2) Follow the money. That is, consider what the writer's agenda is. Is he/she trying to direct you towards a certain decision, without presenting other options? In that case, you should read a directly opposing viewpoint.

"a lot of time to do adequate research".

Thanks to the Internet and search engines, we can do research infinitely faster than ever before! We live in the Information Age, and yet the basics of any financial decision have not changed at all. It was much more difficult in the past, when it was necessary to either go to the library or subscribe to multiple publications in order to do any meaningful research.

And for sure, on this forum there is a lot of confusion between fact and opinion! But, when you read some of the ridiculous claims made here that have no basis in fact, it's quite obvious which posters are more highly educated on the subjects that they are attempting to discuss.

It's all about what you use for a source. If you don't have a lot of time, you should in some way find somewhere that you can quickly read up on the subjects that you need to be informed upon before you make any decision.

Maddy Griffin 5 years ago

That's what George Will does..and is paid VERY WELL for it.

Getaroom 5 years ago

George Will needs to get out of his pressed jeans and intellectual tower and hit the streets. Don't ever expect him to do an article with a positive slant for a Democrat, that would not do now would it? Do you think for instance, he might delve into Brownbackwards true religious beliefs to uncover how he is arriving at his current political activities and why he is dismantling state government to mold it into his own image? Nope. I would challenge the LJW to subscribe to a syndicated columnist who is willing to take on any side. Since we know the one sided slant of the current characters on this blog, how about mixing it up so they have something else to bounce up against. I mean really - given the bulk of blather we read on this blog, you might as well rebroadcast everything FOX NEWS puts out. I suppose the LJW bosses feel that the "anonymous" aspect of this blog puts more eyes on the source, but it also encourages people to say things they otherwise might not. How about upping the quality of this blog and make all of us put our real names up front just like in the letters to the editor. Until it is required by all - it will not happen.

voevoda 5 years ago

I'm afraid, Getaroom, that requiring posters to provide their names will not guaranee civility. Remember Tom Shewmon, now (apparently) banned from these forums, who had no compunction about calling others vile names. At the same time, if posters are required to give their names, what is to protect them from being accosted (or worse) at home or on the job by people who are irate about what they said? Authors who voice controversial views have taken cover under the moniker "Anonymous" for centuries for just that reason. That said, Getaroom, I think that it is quite proper for those of us who prefer civility to remind uncivil posters that calling names is inappropriate. So is misrepresenting what other people said. I'm convinced that when posters become offensive (in both senses of the word), it's because they don't have evidence and reason on their side and at some level they know it.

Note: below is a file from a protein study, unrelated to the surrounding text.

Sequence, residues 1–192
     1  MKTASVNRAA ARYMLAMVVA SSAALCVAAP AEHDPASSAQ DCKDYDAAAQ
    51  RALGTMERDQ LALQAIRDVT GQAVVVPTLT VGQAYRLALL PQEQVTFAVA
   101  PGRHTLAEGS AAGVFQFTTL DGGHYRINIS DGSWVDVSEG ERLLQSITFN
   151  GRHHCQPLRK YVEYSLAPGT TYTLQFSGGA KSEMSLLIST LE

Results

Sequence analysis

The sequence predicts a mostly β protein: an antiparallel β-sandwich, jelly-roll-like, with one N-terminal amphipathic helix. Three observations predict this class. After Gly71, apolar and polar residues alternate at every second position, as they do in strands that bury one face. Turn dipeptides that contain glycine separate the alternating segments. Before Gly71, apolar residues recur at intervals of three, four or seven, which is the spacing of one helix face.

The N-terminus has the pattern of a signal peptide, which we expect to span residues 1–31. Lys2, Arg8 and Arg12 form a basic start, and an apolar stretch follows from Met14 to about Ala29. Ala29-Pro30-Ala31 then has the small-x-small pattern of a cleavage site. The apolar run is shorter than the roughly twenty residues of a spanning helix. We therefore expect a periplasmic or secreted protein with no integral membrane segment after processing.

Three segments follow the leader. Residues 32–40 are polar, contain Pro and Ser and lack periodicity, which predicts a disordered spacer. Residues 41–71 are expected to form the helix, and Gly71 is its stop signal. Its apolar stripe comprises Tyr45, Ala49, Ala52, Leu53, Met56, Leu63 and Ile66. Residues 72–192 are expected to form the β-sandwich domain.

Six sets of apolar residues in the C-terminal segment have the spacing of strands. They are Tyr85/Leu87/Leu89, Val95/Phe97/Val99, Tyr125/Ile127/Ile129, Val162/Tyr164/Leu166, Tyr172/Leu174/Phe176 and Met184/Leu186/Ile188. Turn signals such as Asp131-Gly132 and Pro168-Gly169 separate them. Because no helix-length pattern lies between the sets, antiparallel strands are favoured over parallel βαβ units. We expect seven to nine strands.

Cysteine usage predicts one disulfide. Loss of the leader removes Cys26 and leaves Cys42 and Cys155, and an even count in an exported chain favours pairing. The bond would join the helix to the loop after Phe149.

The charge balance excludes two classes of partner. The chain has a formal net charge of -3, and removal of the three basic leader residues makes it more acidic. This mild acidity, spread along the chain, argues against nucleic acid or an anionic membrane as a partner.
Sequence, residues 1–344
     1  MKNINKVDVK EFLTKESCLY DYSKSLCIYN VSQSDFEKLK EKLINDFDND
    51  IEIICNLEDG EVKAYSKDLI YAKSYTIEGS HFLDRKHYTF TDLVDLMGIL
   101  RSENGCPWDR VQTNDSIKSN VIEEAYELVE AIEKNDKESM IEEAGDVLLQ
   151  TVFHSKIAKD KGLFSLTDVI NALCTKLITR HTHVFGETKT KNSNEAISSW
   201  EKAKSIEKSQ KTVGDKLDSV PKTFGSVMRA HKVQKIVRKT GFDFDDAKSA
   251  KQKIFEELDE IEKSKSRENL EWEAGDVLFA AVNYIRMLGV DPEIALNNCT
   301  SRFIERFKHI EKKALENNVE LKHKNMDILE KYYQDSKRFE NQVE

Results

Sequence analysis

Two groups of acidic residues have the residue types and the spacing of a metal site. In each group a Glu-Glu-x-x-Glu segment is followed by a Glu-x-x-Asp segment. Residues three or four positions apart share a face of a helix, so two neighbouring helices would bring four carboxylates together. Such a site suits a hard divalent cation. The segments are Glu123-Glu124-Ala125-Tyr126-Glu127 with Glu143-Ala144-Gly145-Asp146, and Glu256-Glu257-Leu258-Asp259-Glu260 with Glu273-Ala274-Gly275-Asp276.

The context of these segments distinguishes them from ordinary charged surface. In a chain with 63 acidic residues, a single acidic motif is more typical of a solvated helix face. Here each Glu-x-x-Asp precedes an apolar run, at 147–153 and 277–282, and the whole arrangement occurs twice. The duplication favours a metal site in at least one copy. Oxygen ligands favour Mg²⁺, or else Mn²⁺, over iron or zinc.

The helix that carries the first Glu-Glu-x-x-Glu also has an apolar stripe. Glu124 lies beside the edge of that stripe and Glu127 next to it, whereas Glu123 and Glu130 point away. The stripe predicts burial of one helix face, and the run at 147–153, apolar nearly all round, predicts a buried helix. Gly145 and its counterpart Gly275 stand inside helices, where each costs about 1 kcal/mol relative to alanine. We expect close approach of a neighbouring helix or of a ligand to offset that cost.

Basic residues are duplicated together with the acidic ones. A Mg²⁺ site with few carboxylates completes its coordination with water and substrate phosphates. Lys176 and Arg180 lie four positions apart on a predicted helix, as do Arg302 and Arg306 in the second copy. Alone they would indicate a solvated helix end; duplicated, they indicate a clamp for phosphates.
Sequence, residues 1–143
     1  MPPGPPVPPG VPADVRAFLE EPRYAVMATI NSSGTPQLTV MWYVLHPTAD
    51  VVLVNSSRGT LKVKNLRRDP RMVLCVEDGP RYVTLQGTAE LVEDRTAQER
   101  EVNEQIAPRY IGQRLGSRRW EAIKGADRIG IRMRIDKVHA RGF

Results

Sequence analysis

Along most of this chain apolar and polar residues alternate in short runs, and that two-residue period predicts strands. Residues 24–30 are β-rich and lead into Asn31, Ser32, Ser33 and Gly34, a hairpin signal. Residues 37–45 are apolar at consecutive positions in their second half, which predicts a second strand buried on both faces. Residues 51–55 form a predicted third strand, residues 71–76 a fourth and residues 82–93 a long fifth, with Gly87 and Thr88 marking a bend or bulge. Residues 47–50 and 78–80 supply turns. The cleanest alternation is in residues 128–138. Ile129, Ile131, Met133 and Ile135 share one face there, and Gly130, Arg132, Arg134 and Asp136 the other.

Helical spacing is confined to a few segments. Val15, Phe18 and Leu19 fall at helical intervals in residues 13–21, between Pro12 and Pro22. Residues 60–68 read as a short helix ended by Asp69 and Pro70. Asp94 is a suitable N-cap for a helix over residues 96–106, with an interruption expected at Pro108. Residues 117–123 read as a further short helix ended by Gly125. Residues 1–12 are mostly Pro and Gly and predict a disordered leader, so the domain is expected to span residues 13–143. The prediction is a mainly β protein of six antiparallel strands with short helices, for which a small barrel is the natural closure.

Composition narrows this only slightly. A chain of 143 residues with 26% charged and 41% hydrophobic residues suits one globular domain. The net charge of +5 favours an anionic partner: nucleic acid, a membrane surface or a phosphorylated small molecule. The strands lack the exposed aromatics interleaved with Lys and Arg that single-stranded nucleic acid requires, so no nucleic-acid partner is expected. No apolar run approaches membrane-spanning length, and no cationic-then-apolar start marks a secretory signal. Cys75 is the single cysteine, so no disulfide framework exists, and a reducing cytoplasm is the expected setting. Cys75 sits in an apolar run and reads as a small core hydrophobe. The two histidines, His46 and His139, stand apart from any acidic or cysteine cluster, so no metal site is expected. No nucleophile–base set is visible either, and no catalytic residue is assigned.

Joe Blackford II 5 years ago

I often use the following comment when it is evident minds have been sealed for some timeI. I suspect that "evidence & reason" have never crossed the threshold of some posters' minds. The results of the Kansas electoral process are evidence for reaching that judgement.

"Catsap's comment has not been posted due to restrictions on rational thought & civil discourse in the shallow end of the gene pool."

verity 5 years ago

"George Will needs to get out of his pressed jeans . . ."

While I appreciate the sentiment, Mr Will doesn't wear jeans---he wrote a column some time ago excoriating the unwashed and boorish masses who wore them. By doing so he managed to unite everybody except one person on these boards against him. It was one of his greatest accomplishments.

He had to buy a pair once to go to a themed party. Apparently he never got over it.

voevoda 5 years ago

Why should you interpret a call for wealthier citizens to share a little with those who are not so well-to-do as a "collectivist political agenda"? That proposition say a lot more about your point of view than about Elizabeth Warren's. And, I'm afraid, it casts you as a greedy person who lacks compassion for the less fortunate. I hardly think that that is the way you'd care to come across.